Theta rhythm spectral power was increased in FES while P300 amplitudes and latencies, N100 (to non-targets) amplitudes, alpha rhythm spectral power were not altered compared to HC. GSCD measures were increased in temporal, parietal and occipital cortices, whereas both GSTD and GSCD were increased in the right frontal cortex in FES. No correlations between altered EEG and supragranular thickness markers survived correction for multiple comparisons.
Presumably, theta rhythm has a widespread circuit of generators, including the cortical ones. However, we have not found correlations between EEG and supragranular markers in FES. Considering an absence of correlations between theta and hippocampal volumes (Lebedeva et al., 2020), a speculative interpretation is that the neurophysiological disturbances may be associated with a more complex patterns of more localized structural and functional impairments.
The work was supported by RFBR grant 20-013-00748.
Bipolar disorder has been repeatedly associated with abnormalities of white matter. However, DTI is intrinsically limited and the precise cellular mechanisms that underlie these alterations remains unknown.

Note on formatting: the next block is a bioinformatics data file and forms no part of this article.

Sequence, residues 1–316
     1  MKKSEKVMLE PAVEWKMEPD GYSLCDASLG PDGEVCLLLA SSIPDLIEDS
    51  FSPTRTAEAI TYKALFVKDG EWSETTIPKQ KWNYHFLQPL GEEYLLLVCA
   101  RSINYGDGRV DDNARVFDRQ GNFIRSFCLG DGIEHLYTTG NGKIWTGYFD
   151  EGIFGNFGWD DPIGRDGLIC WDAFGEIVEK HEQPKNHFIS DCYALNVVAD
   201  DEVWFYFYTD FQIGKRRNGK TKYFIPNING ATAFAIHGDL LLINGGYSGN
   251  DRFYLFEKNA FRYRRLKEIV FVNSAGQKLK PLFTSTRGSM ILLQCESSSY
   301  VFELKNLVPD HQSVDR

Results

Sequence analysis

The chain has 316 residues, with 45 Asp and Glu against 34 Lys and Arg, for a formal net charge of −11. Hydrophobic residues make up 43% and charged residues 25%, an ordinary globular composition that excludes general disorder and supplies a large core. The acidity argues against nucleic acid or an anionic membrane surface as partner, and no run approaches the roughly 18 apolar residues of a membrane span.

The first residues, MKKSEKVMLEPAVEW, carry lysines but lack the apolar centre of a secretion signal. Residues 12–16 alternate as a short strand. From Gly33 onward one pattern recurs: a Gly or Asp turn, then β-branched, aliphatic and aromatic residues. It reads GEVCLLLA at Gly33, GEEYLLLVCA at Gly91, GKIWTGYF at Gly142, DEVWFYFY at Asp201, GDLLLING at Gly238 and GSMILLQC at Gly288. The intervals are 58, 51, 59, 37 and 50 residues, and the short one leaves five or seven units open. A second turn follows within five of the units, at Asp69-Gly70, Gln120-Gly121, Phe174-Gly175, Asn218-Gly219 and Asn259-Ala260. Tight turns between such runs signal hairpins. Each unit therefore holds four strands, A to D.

Our aim was to investigate microscopical characteristics of white matter using MRI in patients with bipolar and healthy controls.
77 patients and 71 controls from 3 sites had a T1 structural MRI, a multi-shell HARDI MRI and at one site with a T1-weighted VFA-SPGR acquisition, and a T2 MSME acquisition. The volume fraction and the orientation dispersion was extracted using NODDI from DW images in each site. Myelin Water Fraction was extracted in 33 patients and 36 controls to probe myelin characteristics. White matter bundles were reconstructed using deterministic tractography. Statistical analyses were performed after harmonization by the ComBat algorithm and controlled for age, gender and handedness.
We found significant lower axonal density in patients along the short fibers of the left cingulum, the left anterior arcuate and the left inferior fronto-occipital fasciculus. We found lower mean MWF in patients along the short fibers of the right cingulum, the left inferior fronto-occipital fasciculus, the left anterior arcuate and the splenium of the corpus callosum. We found higher mean orientation dispersion in patients only along the left uncinate fasciculus.
We report alterations of limbic and inter-hemispheric white matter tracts in patients with bipolar disorder reflecting axonal loss, demyelination and architecture alterations. These results contribute to better capture the plurality of the mechanisms involved in bipolar disorder that cannot be deciphered with classical diffusion MRI.